Lousy: Leila Slimani, The Perfect Nanny (histrionic); Emma Viskic, Resurrection Bay (overwrought); Arnaldur Indridason, The Shadow Killer (losing his way, I fear).

Reliable pleasures: Tana French (Witch Elm deserves a better fate: it’s typically gorgeous and tricksy, but for the first time French concentrates on an individual rather than a relationship; I’ve read some grumbling about it, and I don’t get it); Jeanne Birdsall (Penderwicks 4eva!); John Harvey (the new book is his last and it is very sad); Ellis Peters (check out Levi Stahl’s lovely piece); Ian Rankin (came back to Rebus after many years away, and am catching up—sometimes the writing is bad, but he’s good at weaving subplots, and at knowing when a book is long enough); Phillip Kerr (making my way through the Bernie Guenther’s and they’re evocative, suspenseful, and damn funny: hard to pull off).

*

My big regret for 2018 is that I wrote almost nothing for publication. I was tired after a few very busy years. And I was scared to pitch new venues after some of the journals I’d been most associated with folded in 2017. I’m aiming to write more in 2019. Here on the blog, I would love to write more frequently and less longwindedly, but I’m coming to realize that over-long, close-reading analyses are what I do best (or what I do, anyway). I’m going to try something new, though, as a way to say a little something about more of the books I read: at the end of each month, I’ll write a round-up post, something like Elisa Gabbert’s magnificent year-end piece. I don’t have her lightness or ease, but I think it will be an exciting challenge.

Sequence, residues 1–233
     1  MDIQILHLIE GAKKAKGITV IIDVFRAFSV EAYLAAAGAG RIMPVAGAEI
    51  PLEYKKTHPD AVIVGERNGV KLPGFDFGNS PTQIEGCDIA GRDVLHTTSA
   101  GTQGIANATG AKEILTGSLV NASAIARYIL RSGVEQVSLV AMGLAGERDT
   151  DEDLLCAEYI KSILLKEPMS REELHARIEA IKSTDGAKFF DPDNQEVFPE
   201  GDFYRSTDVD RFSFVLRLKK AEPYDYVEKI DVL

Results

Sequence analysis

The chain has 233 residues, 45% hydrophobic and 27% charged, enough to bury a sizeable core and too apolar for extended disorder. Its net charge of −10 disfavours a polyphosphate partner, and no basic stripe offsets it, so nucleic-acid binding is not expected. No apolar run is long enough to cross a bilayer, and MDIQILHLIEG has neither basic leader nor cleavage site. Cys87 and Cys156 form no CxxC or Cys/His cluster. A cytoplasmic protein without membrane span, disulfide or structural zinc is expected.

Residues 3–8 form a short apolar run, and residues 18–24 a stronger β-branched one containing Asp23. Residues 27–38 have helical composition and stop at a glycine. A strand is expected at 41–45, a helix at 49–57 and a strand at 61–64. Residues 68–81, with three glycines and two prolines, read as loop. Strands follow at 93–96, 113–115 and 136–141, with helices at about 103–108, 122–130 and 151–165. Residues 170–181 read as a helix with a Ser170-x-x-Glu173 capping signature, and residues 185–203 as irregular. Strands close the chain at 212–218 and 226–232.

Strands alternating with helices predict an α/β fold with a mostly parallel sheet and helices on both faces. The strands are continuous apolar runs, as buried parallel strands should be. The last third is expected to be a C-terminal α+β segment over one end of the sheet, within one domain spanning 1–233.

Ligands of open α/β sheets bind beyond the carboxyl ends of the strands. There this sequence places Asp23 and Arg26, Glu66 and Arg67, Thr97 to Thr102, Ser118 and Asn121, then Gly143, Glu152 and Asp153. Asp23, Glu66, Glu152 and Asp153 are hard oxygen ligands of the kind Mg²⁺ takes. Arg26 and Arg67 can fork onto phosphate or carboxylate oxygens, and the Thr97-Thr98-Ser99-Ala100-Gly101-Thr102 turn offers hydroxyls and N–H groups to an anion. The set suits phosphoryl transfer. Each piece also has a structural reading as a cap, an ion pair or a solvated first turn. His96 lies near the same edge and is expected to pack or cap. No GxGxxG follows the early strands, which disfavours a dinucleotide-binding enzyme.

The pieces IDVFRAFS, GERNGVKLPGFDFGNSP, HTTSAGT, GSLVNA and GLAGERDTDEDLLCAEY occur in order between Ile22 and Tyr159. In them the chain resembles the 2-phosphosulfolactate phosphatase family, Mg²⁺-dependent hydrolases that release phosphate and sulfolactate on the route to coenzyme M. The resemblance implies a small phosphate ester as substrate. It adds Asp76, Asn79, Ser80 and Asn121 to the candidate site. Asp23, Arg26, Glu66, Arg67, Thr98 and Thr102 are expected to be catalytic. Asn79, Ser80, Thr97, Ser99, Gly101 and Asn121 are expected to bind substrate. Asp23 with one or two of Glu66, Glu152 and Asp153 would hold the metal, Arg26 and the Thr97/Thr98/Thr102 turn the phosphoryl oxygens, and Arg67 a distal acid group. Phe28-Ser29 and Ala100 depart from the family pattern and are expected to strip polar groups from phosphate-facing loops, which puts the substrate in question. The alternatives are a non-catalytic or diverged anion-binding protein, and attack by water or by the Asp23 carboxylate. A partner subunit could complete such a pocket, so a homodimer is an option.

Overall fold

As always, I’ve loved reading and writing with friends this past year. For the first time I even included a post about a book I’ve never even read (thanks, Nat!). I’d love to have more contributions from other readers and writers. If you want to suggest something to read with me, just let me know. And if you just want a place to share your thoughts about a book, say the word. I do have one concrete suggestion: join me and others to read a long Danish novel about canals and Jews! And I know I will be avidly reading Vasily Grossman’s Stalingrad when it comes out this summer. And I will make it back to Anniversaries, I promise. Other than that, I’ll probably keep reading as waywardly and haphazardly as always. Although a hedgehog in personality, I am a fox when it comes to reading.